rotisserie / eris, Hacker News

rotisserie / eris, Hacker News



Package eris provides a better way to handle, trace, and log errors in Go. This package is inspired by a few existing packages:xerrors,

pkg / errors, andGo 1. 16 errors.

go get

Check out thepackage docsfor more detailed information or connect with us on ourSlack channel

if you want to discuss anything in depth.**********************************How is eris different?

Named after the Greek goddess of strife and discord, this package is intended to give you more control over error handling via error wrapping, stack tracing, and output formatting. Basic error wrapping was added in Go 1. 13, but it omitted user-friendlyWrapand built-in stack tracing. Other error packages provide some of the features found inerisbut without flexible control over error output formatting. This package provides default string and JSON formatters with options to control things like separators and stack trace output. However, it also provides an option to write custom formatters via

Types of errors

erisis concerned with only three different types of errors: root errors, wrap errors, and external errors. Root and wrap errors are defined types in this package and all other error types are external or third-party errors.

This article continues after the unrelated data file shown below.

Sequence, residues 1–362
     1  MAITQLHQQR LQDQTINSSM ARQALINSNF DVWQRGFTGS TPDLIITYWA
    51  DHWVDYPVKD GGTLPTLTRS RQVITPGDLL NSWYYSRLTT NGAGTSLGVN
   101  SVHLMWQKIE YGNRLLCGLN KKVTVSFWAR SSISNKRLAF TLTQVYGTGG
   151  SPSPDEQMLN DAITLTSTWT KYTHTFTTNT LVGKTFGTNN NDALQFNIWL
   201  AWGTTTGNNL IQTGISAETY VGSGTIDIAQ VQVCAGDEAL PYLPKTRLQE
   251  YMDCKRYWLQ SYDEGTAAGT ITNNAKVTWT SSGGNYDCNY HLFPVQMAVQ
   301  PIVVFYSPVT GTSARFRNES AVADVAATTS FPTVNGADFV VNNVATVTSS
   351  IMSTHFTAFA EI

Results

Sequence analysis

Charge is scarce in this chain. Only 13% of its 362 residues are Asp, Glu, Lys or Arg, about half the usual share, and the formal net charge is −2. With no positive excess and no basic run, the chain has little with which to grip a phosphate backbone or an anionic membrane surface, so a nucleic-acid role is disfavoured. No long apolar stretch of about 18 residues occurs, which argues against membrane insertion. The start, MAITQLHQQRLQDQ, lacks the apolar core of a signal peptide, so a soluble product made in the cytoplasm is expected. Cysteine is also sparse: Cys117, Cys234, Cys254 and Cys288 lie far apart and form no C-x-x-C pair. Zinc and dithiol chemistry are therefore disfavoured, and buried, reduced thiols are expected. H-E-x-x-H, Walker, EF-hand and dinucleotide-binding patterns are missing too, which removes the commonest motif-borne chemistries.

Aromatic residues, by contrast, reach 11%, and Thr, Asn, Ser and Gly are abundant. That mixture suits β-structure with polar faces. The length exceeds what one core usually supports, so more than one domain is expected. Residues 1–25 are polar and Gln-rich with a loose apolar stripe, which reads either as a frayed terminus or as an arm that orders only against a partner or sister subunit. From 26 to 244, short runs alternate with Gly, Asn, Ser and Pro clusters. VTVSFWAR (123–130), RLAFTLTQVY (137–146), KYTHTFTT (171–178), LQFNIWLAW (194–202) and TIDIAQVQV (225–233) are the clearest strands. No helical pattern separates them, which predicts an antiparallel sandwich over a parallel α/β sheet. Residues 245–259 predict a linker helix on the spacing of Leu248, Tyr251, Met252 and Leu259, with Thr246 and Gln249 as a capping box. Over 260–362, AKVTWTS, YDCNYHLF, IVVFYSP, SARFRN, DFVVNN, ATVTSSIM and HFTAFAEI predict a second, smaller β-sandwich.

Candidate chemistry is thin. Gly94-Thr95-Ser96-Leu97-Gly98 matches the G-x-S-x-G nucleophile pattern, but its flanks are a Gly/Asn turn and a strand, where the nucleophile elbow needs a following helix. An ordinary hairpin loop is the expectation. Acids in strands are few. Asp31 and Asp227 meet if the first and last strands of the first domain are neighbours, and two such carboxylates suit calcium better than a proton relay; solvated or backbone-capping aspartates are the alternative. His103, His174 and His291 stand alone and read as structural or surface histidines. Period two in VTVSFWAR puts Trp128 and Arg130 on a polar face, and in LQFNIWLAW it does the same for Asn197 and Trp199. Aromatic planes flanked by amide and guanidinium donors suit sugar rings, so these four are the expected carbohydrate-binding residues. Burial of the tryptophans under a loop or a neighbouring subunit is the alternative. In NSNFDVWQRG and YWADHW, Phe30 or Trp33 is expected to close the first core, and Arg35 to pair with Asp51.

Root errors are created via(eris.Newanderis.Errorf. Generally, it's a good idea to maintain a set of root errors that are then wrapped with additional context whenever an error of that type occurs. Wrap errors represent a stack of errors that have been wrapped with additional context. Unwrapping these errors viaeris.Unwrapwill return the next error in the stack until a root error is reached.eris.Cause

will also retrieve the root error.

When external error types are wrapped with additional context, a root error is first created from the original error. This creates a stack trace for the error and allows it to function with the rest of theerispackage.

Wrapping errors with additional context

(eris.Wrapadds context to an error while preserving the type of the original error. This method behaves differently for each error type. For root errors, the stack trace is reset to the current callers which ensures traces are correct when using global / sentinel error values. Wrapped error types are simply wrapped with the new context. For external types (i.e. something other than root or wrap errors), a new root error is created for the original error and then it's wrapped with the additional context.